The non-histone nuclear protein ki67 is a protein codified by genes present in the chromo‐some 10 [24; 25]. It is expressed in the nuclei of cells in all but G0 and early G1 phases ofthe cellular cycle [26], which allows a faithful estimative of the proliferative index of aneoplasm. As PA is a grade I astrocytoma, low proliferative index is the rule in thesetumors [2; 3] (Figure 4A) with medium values about 2% [14; 27], however medium valuesas high as 4,4% have been related [10; 28].

    Figure 4. Immunnohistochemical aspects, with avidin-biotin-peroxidade technique. A- Ki67 – nuclear positivity inabout 2% of neoplastic cells(100x). B- Galectin-3 – this case showed weak, diffuse immunopositivity and predominantcytoplasmatic location (100x). C- Galectin-3 strong, diffuse positivity and the vascular endothelium showed no reac‐tion (100x). D- CD31 reaction in the endothelia – delicate vessels in the tumor (200x).

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  • Proliferative index by ki67 expression is a well established prognostic factor in diffuseastrocytomas [29], yet, its role in the prognosis of PA is controversial. In 2002, Roessler et aldid not show significant differences between cerebellar PA when comparing groups accordingto the proliferative index with a cut-off value of 5% [28] and this result was further corroboratedby other study with even lower cut-off value of 3% [10]. Shortly after, Bowers et al (2003)described a subset of PA with worse prognosis, when the proliferative index determined byKi67 was >2% [27]. More recently higher medium values (>10%) were described in recurrentand more aggressive PAs [10], and this exceptionally high value is similar to the medium valueof proliferative index for GBM (12,28%) described earlier by the same group [29].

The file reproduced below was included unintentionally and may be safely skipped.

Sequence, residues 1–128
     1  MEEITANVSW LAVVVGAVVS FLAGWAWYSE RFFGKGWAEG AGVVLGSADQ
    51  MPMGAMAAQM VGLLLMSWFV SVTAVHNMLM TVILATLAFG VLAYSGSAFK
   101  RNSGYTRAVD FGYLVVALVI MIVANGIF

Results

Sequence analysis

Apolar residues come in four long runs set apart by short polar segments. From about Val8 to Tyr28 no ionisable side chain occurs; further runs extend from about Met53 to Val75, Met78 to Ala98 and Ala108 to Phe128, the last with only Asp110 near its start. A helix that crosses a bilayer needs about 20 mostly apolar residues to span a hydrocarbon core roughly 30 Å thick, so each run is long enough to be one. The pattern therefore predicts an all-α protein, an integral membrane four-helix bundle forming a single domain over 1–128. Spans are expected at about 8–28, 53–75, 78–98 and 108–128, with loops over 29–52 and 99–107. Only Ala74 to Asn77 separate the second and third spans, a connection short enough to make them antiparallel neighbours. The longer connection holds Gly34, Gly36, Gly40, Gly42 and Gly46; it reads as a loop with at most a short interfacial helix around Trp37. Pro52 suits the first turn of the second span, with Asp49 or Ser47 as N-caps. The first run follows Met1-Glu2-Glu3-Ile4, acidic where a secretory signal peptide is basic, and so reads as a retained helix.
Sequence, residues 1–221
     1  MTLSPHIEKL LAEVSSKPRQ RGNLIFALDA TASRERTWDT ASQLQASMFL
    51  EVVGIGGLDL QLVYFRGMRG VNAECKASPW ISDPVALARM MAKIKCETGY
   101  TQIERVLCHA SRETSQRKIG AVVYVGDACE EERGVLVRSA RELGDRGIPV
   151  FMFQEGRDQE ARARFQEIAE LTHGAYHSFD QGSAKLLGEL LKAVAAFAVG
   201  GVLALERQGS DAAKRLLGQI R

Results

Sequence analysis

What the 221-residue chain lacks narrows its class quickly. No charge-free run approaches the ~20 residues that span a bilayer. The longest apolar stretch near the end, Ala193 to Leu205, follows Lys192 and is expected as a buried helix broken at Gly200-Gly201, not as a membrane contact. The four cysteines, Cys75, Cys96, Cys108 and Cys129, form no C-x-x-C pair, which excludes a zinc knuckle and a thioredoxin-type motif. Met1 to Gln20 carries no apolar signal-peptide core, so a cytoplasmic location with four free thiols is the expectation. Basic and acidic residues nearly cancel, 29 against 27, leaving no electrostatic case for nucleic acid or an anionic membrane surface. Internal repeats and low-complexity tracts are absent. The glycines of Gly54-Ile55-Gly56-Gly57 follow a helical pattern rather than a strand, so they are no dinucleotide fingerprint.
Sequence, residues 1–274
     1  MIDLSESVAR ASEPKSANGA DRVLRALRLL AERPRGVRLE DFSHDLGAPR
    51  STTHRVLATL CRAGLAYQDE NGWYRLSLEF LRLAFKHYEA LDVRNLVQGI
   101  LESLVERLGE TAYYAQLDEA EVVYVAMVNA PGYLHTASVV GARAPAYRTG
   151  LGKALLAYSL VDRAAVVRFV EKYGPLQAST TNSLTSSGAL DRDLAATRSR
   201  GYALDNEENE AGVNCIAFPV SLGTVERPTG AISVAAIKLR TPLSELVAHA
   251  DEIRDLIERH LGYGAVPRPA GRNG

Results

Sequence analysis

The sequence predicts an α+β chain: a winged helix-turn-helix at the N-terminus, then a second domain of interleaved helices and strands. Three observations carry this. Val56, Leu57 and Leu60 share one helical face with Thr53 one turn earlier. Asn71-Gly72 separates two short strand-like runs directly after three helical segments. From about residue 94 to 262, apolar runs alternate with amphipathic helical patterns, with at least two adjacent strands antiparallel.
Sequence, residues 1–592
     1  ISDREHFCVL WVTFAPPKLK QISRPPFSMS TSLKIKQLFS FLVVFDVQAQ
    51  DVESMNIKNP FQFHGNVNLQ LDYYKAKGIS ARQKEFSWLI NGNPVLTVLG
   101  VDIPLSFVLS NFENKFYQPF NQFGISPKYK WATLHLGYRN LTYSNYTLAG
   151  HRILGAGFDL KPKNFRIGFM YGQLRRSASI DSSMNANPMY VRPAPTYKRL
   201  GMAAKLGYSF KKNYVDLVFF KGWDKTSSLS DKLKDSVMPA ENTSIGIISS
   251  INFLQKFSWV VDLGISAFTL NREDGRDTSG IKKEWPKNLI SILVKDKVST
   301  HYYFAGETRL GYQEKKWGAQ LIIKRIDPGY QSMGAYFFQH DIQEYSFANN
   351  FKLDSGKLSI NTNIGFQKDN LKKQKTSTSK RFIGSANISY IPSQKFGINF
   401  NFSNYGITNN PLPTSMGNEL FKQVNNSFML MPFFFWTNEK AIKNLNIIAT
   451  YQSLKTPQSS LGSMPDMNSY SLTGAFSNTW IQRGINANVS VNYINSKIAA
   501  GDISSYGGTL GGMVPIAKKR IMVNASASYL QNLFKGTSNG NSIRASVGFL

Although the proliferative index is still a questionable independent prognostic factor ofPAs, it is well accepted that a strict follow up is needed in the cases with high prolifera‐tive activity [10; 27].

    5.3. Galectin-3

    Galectin-3 (gal-3) is a carbohydrate-binding protein that binds specifically to β-galactosidessugars. This protein is involved in various biological processes, such as cellular proliferation,apoptosis, transcriptional regulation, intracellular signalization, adhesion and migration [30;31]. The expression of gal-3 may be seen in both cytoplasm and nuclei of neoplastic cells(particularly carcinomas) from various organs, such as thyroid, pancreas and prostate [32], butthe relation between hyper- or loss of expression and biologic behavior of the tumor variesamong the different organs [32].

    In APs, gal-3 is expressed in the nuclei and cytoplasm of neoplastic cells in all cases of PAdescribed by various authors [2; 10; 32; 33], but lacks the expression in the vascular endothe‐lia(Figure 4B, C), contrary to what it is seen in non-neoplastic brain parenchyma [10; 33] andin astrocytomas grades II and III and oligodendroglial tumors, which permits a faithfuldelineation from PA when facing tough cases [17; 31].